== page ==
2 Reduced to 1910 dollar as common denominator of exchange value by applying Bureau of Labor Statistics all-commodity indices for 1920 and 1925 (1920 index, 224, and 1925 index, 156; basis 1910-100).
3 Not ready.
Mr. PEEK. You have listened to the spokesmen of the farmers of this country. They have told you what they want to be enabled to do for their own rehabilitation.
Men representing the industries, the business and financial institutions so directly concerned with agricultural prosperity, indorse their representations and support their requests.
The executive committee of the North Central States Agricultural Conference, which met at Des Moines, Iowa, on January 28, 1926, at the call of Governor Hammill, is composed of the appointees of the Governors of the States of Iowa, Illinois, Michigan, Wisconsin, Ohio, Indiana, Minnesota, Missouri, Kansas, Nebraska, and South Dakota.
Its object is to add its support to the efforts of organized farmers to put agriculture on a business parity with other business enterprises.
At the Des Moines conference resolutions were adopted which I have read, indorsing the principles of the Dickinson bill, recognizing the right of leadership of farm organizations and pledging support to them.
Primarily this is a farm problem, but upon its solution depends the very life of the Nation. We are here in the interest of a sound national program for agriculture. We rely upon the cooperation and support of your committee in this movement for the emancipation of agriculture.
There may be opposition to this legislation. I think we know where it has been, who it has been, and why. I want to say, however, that the executive committee of the North Central States Agricultural Conference stands squarely behind the program of the farmers, as the resolutions quoted above show, and we will support no measure that compromises in principle.
In the discussion with Sir Josiah Stamp of England (who Lloyd George says is the greatest living practical economist), extending over a period of nearly a year, conducted through General Dawes, which was made public a short time ago, it is interesting to observe that the economic soundness of a mechanism to dispose of the surplus is not questioned. On the contrary he says: "The ultimate test of the scheme is whether the return on the capital and labor of the farmer is fair and reasonable in comparison with that secured by capital and labor in other economic spheres." And, in speaking of the activities of the export corporation plan favorably reported by your committee last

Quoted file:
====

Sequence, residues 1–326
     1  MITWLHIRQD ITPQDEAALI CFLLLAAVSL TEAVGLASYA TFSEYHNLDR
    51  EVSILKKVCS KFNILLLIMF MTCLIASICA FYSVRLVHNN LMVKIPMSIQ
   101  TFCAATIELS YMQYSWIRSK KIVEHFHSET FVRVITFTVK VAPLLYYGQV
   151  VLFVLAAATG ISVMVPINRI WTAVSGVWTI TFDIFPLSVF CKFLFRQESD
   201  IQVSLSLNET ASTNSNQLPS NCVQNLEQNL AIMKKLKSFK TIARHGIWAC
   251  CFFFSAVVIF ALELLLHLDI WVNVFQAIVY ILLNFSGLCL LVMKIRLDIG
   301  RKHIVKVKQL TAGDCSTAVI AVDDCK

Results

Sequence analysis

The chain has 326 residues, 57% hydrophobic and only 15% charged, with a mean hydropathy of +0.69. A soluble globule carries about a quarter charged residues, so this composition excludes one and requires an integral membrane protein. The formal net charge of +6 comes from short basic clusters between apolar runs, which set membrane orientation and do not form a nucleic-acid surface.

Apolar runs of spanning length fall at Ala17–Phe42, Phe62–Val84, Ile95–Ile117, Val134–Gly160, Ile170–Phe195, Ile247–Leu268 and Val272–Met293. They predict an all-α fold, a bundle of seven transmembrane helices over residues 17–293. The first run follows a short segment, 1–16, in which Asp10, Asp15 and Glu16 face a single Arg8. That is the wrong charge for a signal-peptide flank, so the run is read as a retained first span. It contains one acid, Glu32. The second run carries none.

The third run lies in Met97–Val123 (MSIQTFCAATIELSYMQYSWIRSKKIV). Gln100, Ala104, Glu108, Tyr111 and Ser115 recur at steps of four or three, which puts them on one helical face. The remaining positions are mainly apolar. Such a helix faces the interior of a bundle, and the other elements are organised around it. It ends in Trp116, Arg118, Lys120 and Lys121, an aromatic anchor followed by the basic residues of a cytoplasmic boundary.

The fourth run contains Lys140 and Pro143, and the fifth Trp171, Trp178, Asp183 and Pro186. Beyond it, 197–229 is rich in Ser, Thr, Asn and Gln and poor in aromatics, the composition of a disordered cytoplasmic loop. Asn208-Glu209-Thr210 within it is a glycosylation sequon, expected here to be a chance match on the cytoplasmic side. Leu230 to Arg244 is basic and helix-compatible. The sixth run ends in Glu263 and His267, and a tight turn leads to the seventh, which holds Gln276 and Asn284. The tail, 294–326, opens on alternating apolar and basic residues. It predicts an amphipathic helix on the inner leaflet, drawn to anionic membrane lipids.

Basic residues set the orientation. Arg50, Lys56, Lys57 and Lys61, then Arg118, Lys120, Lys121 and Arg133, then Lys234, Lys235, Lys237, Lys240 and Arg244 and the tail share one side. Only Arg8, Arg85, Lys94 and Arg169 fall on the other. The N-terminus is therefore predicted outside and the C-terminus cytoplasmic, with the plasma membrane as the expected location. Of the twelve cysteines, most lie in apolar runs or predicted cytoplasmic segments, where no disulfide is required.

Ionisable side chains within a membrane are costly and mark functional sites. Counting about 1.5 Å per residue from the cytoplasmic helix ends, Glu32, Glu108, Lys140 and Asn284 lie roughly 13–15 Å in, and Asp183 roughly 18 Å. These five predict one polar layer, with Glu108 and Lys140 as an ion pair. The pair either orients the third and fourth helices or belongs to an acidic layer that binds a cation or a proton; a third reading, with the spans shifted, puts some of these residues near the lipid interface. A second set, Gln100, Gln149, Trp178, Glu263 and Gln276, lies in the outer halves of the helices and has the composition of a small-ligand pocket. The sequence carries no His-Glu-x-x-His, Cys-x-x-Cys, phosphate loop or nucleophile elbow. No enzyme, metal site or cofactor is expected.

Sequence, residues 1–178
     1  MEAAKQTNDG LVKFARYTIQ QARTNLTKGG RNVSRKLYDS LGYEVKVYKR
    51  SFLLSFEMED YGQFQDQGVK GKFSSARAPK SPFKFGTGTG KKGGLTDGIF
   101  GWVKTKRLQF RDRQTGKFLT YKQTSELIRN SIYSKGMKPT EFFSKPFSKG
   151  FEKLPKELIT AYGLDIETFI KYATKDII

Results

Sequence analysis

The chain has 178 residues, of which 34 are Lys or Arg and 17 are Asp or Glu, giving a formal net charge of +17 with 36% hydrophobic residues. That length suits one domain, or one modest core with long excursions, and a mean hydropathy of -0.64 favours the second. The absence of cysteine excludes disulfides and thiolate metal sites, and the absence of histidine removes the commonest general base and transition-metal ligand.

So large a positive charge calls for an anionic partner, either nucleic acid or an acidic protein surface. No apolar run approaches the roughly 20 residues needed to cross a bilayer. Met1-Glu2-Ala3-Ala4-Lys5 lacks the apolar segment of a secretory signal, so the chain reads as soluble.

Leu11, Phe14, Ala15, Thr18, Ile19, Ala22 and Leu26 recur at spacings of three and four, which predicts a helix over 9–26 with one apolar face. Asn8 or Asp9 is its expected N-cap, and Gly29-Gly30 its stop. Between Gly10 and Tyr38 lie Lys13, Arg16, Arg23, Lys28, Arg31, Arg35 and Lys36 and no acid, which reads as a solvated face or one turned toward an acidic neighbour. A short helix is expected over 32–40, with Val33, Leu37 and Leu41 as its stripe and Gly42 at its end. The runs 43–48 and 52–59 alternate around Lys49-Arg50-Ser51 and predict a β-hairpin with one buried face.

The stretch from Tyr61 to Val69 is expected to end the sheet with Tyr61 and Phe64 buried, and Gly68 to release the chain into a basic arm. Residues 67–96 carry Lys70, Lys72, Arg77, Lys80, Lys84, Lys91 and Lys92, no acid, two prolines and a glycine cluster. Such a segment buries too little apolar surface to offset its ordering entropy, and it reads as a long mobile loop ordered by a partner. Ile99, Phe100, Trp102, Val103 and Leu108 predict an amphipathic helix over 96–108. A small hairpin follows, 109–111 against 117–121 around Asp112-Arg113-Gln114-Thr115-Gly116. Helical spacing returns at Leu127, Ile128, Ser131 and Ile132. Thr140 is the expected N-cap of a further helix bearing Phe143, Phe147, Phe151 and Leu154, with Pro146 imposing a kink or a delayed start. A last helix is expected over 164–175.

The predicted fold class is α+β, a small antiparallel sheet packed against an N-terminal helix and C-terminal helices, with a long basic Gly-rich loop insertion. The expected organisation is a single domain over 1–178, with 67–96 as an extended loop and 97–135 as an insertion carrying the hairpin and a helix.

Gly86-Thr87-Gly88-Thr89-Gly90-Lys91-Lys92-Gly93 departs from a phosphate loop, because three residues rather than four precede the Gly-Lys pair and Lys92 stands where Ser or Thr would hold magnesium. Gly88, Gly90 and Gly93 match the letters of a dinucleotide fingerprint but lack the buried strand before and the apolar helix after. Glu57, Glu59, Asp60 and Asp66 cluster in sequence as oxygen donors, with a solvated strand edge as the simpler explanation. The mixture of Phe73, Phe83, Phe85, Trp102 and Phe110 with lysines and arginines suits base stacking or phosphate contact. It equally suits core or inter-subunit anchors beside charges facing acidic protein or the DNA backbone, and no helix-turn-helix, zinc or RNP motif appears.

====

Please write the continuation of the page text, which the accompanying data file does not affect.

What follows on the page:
says: “There seems to be no reason why this process should not be carried on until the domestic price is pushed to the point at which the return to the farmer will bring his economic position into favorable comparison with that of other producers.
Opponents of the movement have made much of the use of adjectives and epithets to condemn it. "Economically unsound,"
Price-fixing nostrums," "Socialistic," " Class legislation” and other inspired phrases have found receptive places in the minds of many well-meaning people. They are not intellectual arguments and appeal only to prejudice. The people who utter them will do well to stop and reflect. A decaying agriculture is a sure sign of a decadent nation.
I received last night a telegram from Governor McMullen, of Nebraska, which I would like to read to the committee.
LINCOLN, NEBR., April 5, 1926. GEORGE N. PEEK,
Lee House, Washington, D. C. After hearing report of Mr. Mark Woods on the faithful work your committee has been doing I can not forego the opportunity of sending best wishes and congratulations. The farmers of the West hope the cotton and tobacco growers of the South will join them in standing firmly for legislation that will mean permanent relief for agriculture as a whole. It would be better to leave Washington emptyhanded than to accept emergency measures based on re, stricted equalization provisions. All things considered temporary help would be worse than no help.